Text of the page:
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FCA issues court warnings over ‘unfair’ use of insolvency law

The FCA has told firms it expects to be informed as soon as a firm is considering a scheme of arrangement or other compromise to manage liability and set out the information it should receive.

Firms using insolvency or company law to manage their liabilities have been warned they could face court action by the FCA if their proposals “unfairly” benefit them at the expense of their customers.

It revealed the FCA has seen an increase in the number of firms developing proposals, such as Scheme of Arrangements, to deal with significant liabilities to consumers, in particular redress liabilities.

The authority has made it clear to firms seeking to limit their liabilities that they should provide the best possible outcome for customers, which will include providing the maximum amount of funding possible to meet compensation claims by customers.

Failure to do so could result in the FCA objecting to the firm’s proposals in court. The FCA will also use its regulatory powers, including enforcement actions for misconduct by firms or their senior managers, when appropriate.

The FCA said it has told firms it expects to be informed as soon as a firm is considering a scheme of arrangement or other compromise to manage liability and set out the information it should receive.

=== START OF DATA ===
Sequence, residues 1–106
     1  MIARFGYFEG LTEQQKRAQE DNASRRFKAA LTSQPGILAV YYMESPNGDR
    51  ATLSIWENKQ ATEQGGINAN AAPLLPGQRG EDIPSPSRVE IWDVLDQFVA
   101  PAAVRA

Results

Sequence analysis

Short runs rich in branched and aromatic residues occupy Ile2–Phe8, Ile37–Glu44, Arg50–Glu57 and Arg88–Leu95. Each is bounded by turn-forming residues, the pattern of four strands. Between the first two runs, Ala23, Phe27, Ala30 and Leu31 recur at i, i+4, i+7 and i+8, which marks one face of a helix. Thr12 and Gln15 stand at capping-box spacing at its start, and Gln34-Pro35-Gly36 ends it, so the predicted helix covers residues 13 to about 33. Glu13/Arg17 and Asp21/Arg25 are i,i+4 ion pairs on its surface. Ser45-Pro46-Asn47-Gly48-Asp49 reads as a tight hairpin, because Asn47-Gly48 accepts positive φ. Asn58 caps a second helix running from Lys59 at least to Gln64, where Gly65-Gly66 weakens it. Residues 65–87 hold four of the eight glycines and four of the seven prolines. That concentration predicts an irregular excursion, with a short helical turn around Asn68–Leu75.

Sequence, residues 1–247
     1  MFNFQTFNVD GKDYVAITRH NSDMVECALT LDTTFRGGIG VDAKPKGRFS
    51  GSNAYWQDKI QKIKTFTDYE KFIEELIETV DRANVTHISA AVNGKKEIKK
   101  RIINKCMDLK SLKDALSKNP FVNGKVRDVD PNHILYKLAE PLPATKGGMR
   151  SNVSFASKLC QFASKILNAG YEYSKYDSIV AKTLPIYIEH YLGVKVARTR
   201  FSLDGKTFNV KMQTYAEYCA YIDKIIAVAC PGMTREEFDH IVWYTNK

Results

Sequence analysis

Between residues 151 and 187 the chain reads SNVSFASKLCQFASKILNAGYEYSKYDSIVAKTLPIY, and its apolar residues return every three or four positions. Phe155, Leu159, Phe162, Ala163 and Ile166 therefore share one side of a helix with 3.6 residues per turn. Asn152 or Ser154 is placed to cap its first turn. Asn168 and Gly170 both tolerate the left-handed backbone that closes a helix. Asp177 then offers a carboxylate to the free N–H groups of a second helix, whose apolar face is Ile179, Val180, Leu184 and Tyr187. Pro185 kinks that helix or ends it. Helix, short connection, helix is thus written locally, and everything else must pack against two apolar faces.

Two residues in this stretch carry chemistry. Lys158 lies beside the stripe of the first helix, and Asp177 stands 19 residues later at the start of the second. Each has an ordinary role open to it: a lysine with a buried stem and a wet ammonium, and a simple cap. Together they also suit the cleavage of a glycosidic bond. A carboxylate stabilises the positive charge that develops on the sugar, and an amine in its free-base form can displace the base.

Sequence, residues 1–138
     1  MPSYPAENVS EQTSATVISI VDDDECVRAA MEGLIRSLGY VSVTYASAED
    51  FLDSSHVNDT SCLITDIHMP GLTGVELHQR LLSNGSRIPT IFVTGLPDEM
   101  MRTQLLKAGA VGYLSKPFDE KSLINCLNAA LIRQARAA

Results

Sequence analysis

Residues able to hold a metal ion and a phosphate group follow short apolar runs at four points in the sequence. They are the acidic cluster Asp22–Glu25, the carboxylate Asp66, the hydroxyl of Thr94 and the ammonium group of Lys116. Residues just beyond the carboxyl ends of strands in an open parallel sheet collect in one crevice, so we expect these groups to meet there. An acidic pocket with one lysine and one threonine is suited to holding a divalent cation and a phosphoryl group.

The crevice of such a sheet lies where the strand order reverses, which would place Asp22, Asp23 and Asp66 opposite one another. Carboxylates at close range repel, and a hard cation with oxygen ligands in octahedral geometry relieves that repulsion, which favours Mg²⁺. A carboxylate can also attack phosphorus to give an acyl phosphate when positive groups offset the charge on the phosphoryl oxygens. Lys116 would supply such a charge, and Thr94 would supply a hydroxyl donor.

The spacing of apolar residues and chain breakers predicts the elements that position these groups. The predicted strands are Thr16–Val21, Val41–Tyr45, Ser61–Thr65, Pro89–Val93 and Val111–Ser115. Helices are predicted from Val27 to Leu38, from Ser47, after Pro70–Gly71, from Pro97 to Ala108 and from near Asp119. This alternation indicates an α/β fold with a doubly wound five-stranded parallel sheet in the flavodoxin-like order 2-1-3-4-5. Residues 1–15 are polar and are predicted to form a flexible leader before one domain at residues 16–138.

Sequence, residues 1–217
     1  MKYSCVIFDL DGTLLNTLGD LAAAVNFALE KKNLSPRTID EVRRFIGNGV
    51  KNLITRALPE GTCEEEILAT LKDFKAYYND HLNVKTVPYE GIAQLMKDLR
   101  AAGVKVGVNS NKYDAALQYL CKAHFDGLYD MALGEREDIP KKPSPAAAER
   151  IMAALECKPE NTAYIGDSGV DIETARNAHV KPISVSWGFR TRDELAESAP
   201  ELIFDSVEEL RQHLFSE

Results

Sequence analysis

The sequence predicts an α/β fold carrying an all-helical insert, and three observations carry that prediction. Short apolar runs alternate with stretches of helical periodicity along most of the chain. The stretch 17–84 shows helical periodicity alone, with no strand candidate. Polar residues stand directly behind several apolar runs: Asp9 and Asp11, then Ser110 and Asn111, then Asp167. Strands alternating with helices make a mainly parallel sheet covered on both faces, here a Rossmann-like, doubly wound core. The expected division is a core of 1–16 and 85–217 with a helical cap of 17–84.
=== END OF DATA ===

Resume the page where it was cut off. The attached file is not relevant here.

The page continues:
Some firms have requested a ‘letter of non-objection’ from the FCA in relation to their proposal to manage their liabilities. Today’s guidance consultation confirms that the FCA would be unlikely to ever issue a letter of non-objection.

The FCA will instead focus on assessing each proposal on a case-by-case basis to ensure firms are meeting their regulatory obligations, including treating their customers fairly.

Sarah Pritchard, executive director of Markets at the FCA, said: “Under existing company and insolvency law, firms have options to limit their liabilities. When making use of these, they still have a responsibility to treat their customers fairly.

“We will take action against firms that don’t meet this obligation. The guidance we are consulting on should help firms understand our expectations and ultimately help firms to avoid proposing compromises that are unacceptable to us because they fail to provide the best possible outcome for consumers.”

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